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Eur J Immunol. 2015 Jun;45(6):1868-79. doi: 10.1002/eji.201445187. Epub 2015 Apr 15.

Phenotypic differences of CD4(+) T cells in response to red blood cell immunization in transfused sickle cell disease patients.

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Etablissement Français du Sang, Créteil, France.
Inserm, U955, Equipe 2, Créteil, France.
AP-HP, Hôpital H. Mondor-A, Chenevier, Service Maladies Génétiques du Globule Rouge, Créteil, France.
Faculté de médecine, Université Paris Est, Créteil, France.


Alloimmunization against red blood cells (RBCs) is the main immunological risk associated with transfusion in patients with sickle cell disease (SCD). However, about 50-70% of SCD patients never get immunized despite frequent transfusion. In murine models, CD4(+) T cells play a key role in RBC alloimmunization. We therefore explored and compared the CD4(+) T-cell phenotypes and functions between a group of SCD patients (n = 11) who never became immunized despite a high transfusion regimen and a group of SCD patients (n = 10) who had become immunized (at least against Kidd antigen b) after a low transfusion regimen. We studied markers of CD4(+) T-cell function, including TLR, that directly control lymphocyte function, and their spontaneous cytokine production. We also tested responders for the cytokine profile in response to Kidd antigen b peptides. Low TLR2/TLR3 expression and, unexpectedly, strong expression of CD40 on CD4(+) T cells were associated with the nonresponder status, whereas spontaneous expression of IL-10 by CD4(+) T cells and weak Tbet expression were associated with the responder status. A Th17 profile was predominant in responders when stimulated by Jb(k) . These findings implicate CD4(+) T cells in alloimmunization in humans and suggest that they may be exploited to differentiate responders from nonresponders.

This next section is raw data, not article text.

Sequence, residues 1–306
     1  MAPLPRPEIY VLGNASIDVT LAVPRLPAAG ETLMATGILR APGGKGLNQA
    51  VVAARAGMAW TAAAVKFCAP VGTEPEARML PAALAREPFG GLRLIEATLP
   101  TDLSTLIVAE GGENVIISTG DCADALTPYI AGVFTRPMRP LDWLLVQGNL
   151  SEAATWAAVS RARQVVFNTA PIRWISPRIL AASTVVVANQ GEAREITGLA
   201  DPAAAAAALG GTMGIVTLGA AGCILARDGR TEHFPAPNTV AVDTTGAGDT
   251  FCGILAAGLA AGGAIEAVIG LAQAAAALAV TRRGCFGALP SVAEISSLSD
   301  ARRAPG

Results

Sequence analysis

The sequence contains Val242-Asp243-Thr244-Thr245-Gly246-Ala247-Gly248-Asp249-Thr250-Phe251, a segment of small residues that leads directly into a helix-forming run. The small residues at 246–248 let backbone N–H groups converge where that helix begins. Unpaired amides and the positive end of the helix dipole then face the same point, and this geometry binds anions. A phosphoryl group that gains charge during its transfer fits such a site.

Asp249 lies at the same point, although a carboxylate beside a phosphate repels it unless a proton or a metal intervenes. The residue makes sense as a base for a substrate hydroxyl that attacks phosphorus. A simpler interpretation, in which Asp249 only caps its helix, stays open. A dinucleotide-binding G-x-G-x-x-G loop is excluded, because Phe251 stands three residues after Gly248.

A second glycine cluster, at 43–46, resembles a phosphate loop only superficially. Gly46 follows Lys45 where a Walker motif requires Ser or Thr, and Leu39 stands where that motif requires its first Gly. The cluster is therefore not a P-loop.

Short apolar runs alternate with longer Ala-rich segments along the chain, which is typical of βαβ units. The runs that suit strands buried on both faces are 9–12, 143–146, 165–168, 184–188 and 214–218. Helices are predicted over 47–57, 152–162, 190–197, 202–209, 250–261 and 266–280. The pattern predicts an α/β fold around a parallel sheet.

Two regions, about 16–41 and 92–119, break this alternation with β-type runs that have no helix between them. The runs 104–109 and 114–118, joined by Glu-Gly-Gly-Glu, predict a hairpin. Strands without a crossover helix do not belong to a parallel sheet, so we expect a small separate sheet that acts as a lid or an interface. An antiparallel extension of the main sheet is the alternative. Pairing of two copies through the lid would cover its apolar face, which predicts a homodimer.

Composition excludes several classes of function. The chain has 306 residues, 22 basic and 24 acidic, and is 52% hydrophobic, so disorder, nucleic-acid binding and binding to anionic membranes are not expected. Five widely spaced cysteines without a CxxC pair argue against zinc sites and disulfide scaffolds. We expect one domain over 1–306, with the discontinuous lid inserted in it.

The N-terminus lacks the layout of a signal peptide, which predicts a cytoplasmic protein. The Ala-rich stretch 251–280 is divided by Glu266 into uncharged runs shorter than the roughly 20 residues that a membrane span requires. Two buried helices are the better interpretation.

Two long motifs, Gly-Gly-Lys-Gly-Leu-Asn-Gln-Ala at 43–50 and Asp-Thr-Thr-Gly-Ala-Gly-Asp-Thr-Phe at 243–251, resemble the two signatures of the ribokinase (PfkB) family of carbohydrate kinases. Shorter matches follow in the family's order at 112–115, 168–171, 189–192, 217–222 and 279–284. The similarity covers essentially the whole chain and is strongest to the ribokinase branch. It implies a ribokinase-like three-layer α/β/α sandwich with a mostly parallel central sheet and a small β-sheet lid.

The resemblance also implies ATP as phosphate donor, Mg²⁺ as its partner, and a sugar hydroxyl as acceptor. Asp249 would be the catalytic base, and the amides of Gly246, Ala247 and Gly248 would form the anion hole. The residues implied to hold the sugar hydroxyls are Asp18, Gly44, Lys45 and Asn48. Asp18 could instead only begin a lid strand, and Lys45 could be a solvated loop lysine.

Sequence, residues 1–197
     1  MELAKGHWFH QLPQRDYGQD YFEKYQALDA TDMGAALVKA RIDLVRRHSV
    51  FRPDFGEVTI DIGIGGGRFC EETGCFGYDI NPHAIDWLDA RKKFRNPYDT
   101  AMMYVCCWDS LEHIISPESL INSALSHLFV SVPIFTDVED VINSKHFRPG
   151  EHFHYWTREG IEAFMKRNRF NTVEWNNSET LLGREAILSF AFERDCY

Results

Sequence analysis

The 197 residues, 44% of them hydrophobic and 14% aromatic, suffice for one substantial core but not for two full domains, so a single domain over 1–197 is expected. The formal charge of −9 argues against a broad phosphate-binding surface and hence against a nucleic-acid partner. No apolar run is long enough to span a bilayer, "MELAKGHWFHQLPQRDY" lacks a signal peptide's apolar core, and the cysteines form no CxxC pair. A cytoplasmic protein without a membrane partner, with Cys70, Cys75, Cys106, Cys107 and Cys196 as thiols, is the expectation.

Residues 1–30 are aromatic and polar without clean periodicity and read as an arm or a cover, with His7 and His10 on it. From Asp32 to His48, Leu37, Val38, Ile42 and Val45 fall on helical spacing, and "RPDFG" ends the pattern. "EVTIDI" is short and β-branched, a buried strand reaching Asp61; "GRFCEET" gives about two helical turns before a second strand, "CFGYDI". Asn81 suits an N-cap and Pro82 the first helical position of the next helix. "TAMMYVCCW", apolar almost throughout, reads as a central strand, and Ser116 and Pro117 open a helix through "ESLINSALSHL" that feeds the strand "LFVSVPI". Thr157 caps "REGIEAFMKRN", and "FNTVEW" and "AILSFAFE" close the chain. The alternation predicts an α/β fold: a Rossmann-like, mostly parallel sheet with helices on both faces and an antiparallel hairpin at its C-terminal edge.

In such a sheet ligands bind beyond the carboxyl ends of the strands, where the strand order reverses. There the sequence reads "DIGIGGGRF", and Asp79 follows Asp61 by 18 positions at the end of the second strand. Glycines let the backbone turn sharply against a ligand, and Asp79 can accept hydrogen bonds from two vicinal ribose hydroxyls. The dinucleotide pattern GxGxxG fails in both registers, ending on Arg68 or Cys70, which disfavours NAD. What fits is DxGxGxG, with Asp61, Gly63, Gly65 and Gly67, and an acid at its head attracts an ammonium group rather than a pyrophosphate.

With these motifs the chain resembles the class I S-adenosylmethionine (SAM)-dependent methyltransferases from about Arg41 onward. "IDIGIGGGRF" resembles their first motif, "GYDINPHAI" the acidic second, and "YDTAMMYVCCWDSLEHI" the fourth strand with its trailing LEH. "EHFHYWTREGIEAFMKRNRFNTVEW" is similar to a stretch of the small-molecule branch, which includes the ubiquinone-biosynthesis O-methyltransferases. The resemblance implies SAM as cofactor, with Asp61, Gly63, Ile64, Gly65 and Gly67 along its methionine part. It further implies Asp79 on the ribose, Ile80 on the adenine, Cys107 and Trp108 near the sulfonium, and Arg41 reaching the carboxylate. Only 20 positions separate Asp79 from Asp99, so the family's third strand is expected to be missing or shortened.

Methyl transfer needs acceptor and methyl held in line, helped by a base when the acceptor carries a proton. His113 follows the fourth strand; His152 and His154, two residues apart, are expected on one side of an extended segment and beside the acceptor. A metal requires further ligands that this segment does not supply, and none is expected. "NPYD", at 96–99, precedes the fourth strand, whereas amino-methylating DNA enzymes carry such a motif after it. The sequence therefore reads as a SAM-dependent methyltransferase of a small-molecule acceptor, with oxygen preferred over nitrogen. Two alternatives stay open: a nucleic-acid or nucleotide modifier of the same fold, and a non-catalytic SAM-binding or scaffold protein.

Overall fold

Alloimmunization; CD4+ T cells; Jkb; Sickle cell disease; Th17

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